CONYERS — Rockdale Public Schools Superintendent Dr. Terry Oatts said Thursday he does not support a unified statewide school calendar recommended by a Senate study committee.
“The essence of local control for a school district is the ability to collaborate with staff, students and parents on the determination of a school calendar that best meets the needs of the community stakeholders involved,” said Oatts. “With all due respect, any effort to usurp such local control in the development of a school calendar by imposing start and end dates would be misguided and inconsistent with a commitment to local control.”
The Senate committee spent four months examining a more unified calendar statewide and reported that it found “no evidence to suggest that a more congruent school calendar or a later start date to the school year could have a negative impact on education.”
The 11-member committee consists of four senators, state tourism officials and education leaders. In its final report, the committee recommends a number of actions including local school calendars across the state be required to begin no earlier than approximately seven to 10 days prior to the first Monday in September and end on or about June 1. Putting such “guardrails” in place, according to the committee, will give students a longer summer with less sporadic breaks throughout the year.
The committee stated that introducing a more consistent calendar will allow students to participate in more camps and summer education experiences and give more opportunities for summer employment.
Summer employment, according to the report, will give students the chance to learn soft skills, develop maturity and increase responsibility, work habits, self confidence and interpersonal interaction.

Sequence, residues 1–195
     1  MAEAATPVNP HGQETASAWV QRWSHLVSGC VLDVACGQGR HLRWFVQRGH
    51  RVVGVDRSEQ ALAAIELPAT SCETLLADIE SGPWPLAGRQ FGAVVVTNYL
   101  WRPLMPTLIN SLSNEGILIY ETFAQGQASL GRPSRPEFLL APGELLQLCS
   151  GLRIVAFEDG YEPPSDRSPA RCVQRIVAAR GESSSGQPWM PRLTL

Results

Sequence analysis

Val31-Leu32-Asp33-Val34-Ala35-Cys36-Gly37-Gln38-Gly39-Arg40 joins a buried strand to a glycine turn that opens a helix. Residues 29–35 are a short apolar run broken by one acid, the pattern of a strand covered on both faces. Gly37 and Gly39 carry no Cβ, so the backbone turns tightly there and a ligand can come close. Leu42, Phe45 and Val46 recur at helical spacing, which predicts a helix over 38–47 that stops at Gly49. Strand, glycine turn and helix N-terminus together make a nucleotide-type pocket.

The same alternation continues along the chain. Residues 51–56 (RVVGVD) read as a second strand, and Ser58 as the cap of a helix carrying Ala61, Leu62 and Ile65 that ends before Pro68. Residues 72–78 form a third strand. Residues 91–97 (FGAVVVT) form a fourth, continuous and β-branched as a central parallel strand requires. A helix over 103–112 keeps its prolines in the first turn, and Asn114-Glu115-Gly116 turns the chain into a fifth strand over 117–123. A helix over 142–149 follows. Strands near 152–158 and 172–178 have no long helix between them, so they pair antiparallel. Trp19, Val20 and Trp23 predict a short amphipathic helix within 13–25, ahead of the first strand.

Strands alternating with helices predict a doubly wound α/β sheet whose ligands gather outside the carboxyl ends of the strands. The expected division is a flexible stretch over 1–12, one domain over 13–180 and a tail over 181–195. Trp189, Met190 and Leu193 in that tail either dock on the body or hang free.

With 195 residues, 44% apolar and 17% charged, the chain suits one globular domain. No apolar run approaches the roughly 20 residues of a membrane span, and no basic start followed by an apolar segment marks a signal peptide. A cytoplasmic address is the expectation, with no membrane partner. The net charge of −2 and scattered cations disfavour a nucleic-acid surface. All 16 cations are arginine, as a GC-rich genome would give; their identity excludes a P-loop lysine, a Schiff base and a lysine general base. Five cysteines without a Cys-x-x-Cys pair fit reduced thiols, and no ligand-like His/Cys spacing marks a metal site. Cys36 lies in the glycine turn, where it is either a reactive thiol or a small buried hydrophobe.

Additionally, the committee concluded that not having a consistent school calendar is detrimental to the state’s tourism and hospitality industry.
“State-based regional tourist attractions rely on high school and college-aged employees and adjust hours of operation based on availability of those students to work,” according to the report.
Michael Dombroski, who testified before the committee as a representative of Stone Mountain Park, stated the park has been “forced to close for an additional 17 full operating days, due to the decreasing summer calendar.”
Stone Mountain attracts more than 4 million visitors annually and employs more than 2,000. Of those, 1,500 positions are part-time or seasonal jobs “largely filled by students.”
The committee stated an extended summer break would directly impact “our business economy” and “allow for vocational growth of our students and workforce in one of Georgia’s leading industries.”
Control over breaks and professional learning days would remain in the hands of the local school boards under the committee’s recommendations.
RCPS allows parents and community stakeholders to participate in a survey each year to help construct the 180-day calendar. With the committee’s findings, this input could become obsolete.
The committee report recognized that local education leaders want local control and flexibility. “However it can’t be ignored that widely varying school start dates and volatile break schedules often come at cost to our students, families and communities,” the committee report states.
In 2008, the General Assembly passed legislation to provide increased flexibility for local school systems. Currently, 13 states impose guidelines on public school calendars, while 37 states allow the school calendar to be a complete district option.
Sen. Steve Gooch, R-Dahlonega, who chaired the committee, also suggested that schools should delay administering Milestones and End-Of-Course tests to later in the year to maximize classroom instruction time and align their calendars with those of Georgia’s technical colleges and universities.
The committees’ recommendations are not set in stone, yet. Gooch said they will continue to have conversations with school boards and members of the Legislature to see where they go from here.
The final report and other official studies can be found at www.senate.ga.gov/committees.